In some competitions the criteria are etched in stone and don’t change one iota for decades. They are clearly set forth, objective but may struggle to embrace changing taste or the rise of new skills. At NAHBS, we haven’t devised a points system and a rigorous set of criteria by which to judge technical ability and artistry. I’m actually comfortable with that, partly because I do this for a limited amount of time each year—as a volunteer—and partly because I don’t see how we could have absolute criteria that would allow both Erik Noren’s (Peacock Groove) Prince tribute bike and Todd Ingermanson’s (Black Cat) bike packing rig to win Best in Show. They are two very different bikes with very different stylistic aesthetics and cycling purposes. About all they have in common is that they are bikes with gears, disc brakes and paint.
With this year’s Best Road Bike category, one of the things that my fellow judge Nick Legan and I discussed was how few of the bikes were spec’d 25 or 28mm tires. Yeah, I know plenty of guys in SoCal who are still riding 23mm tires on roads smooth as an FM deejay’s voice, but what I encounter riders from literally everywhere else, they are riding bigger tires.
When I consider the tires I see on custom bikes, almost no one is riding 23mm tires. The upshot is that while we couldn’t dismiss bikes with 23mm tires, we gave road bikes with bigger tires extra weight. Points, if you will.
The bike we found most compelling was the Kirk Frameworks submission. Dave Kirk built a stainless steel road bike that featured a bead-blast finish with accents both painted and in small, polished sections. You could see where he had flowed the silver into the lug, but there wasn’t a single drip or smear of silver.
The cream panel on the head tube and highlights in the windows of the lugs and fork crown were beautiful and added a kind of camouflage; it was easy to conclude that the entire bike was painted gray at first.
How the polished sections can be so perfectly masked so that the edges are just as crisp as painted lines is something that amazes me every time I see it. The Kirk also featured 28mm tires, with clearance enough for at least 30s, if not 32s.
Generally speaking, one of the key criteria we use when looking at a bike is whether or not you’d consider it were you buying a bike of that sort. With the track category, the MKII from Low Bicycles got our attention right away for a few reasons. First, it’s a terrific use of aluminum. It makes for a light and stiff bike and, if the tubing is butted, can even have a pretty terrific road feel.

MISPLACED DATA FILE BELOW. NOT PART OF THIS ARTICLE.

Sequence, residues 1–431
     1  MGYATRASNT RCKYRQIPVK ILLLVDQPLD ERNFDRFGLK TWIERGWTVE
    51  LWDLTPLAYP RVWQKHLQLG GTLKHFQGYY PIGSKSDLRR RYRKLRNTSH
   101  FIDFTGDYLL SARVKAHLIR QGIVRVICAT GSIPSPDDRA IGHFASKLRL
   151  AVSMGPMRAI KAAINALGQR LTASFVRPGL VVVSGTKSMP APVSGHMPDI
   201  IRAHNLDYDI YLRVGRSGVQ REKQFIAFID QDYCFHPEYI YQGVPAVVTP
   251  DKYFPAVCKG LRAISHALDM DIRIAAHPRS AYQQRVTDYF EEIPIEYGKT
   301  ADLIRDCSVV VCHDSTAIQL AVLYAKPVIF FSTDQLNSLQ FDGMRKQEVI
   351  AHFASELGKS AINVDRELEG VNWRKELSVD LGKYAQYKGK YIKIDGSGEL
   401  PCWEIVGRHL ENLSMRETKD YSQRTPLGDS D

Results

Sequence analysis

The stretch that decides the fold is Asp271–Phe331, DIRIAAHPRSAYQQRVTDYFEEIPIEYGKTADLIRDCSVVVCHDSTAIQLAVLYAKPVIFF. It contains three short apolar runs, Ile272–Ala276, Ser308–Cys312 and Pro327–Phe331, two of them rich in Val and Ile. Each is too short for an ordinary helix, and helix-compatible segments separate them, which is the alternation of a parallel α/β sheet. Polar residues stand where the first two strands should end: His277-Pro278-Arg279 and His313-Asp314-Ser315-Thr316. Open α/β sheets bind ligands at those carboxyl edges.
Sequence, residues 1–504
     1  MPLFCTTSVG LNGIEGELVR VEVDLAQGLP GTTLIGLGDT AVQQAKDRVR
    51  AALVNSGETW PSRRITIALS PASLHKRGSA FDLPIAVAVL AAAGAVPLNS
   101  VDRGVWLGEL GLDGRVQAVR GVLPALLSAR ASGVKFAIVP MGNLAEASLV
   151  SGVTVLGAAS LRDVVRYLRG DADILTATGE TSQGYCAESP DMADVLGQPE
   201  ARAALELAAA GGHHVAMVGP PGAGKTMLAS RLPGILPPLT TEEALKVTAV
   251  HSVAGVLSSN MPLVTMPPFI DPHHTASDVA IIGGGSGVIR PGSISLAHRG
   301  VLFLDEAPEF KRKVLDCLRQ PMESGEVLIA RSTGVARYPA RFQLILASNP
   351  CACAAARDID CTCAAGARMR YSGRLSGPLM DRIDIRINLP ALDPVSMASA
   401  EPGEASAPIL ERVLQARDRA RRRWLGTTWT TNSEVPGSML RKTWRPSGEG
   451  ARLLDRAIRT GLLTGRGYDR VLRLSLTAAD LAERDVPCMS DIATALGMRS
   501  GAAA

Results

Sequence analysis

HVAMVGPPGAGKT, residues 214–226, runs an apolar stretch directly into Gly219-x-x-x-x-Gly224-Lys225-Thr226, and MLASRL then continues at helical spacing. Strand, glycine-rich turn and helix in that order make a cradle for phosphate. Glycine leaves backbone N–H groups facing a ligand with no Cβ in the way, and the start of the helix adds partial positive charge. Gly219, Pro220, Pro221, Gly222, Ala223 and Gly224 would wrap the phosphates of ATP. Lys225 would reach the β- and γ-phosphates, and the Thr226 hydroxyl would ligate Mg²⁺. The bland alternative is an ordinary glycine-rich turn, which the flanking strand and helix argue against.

The MKII features double butted tubing, steel inserts on the horizontal dropouts and a carbon fiber fork from Columbus. It’s made for endurance track events, more stable than what you’d use in a match sprint or Madison.
Aluminum continues to be a prized material for track bikes, but because crashing on the track is a thing, as we like to say, we really appreciated that this frameset is only $2050. Now, it’s not custom for that kind of money, but it’s handmade in San Francisco. Finally, the matte black/orange/raw aluminum finish was pretty trick.
And because workmanship is always a big part of our consideration, they deserve to be recognized for great weld quality and careful finishing to make sure stress doesn’t collect at a join.
The tandem category was a very tough one to judge. There were two bikes we liked a great deal. One was spec’d more to our liking, but the other showed more innovation and engineering. Workmanship was a tossup. Ultimately, the bike that got the nod was from Santana Cycles. What you see above is a travel tandem.
I’m a big fan of S&S Couplers. I’ve got two bikes with them and once had a bike retrofitted for them. Santana calls these the “Z” couplers due to their shape. Honestly, they make S&S couplers look like a joke. The engineering that went into these is shock and awe stuff. The couplers and frame are produced entirely in-house. Even the engineering was in-house, by a Vietnamese gentlemen named Ngoc who has been with Santana since at least the Clinton administration.
The way these things fit together there’s no movement of the joint. And in the sample we had to play with, you could feel the precision in the fit as you slid the two pieces together.
Traveling with a tandem is less fun than applying to college, but for those who like to tandem, there seems to be something about taking it on vacation. Santana owner Bill McCready has a travel business that appears to be larger than his actual tandem business, so the call for a good travel solution was acute.
There were component choices on this tandem that we didn’t entirely agree with, and that happens in bikes from time to time. And we’ve seen prettier welds, but no one has committed more resources to working with titanium in tandems than Santana and no one has done a fraction of the work to make traveling with them easy, or at least easier.
If you value independent media, please lend your support to RKP.
To learn more about our new subscription program, please read this.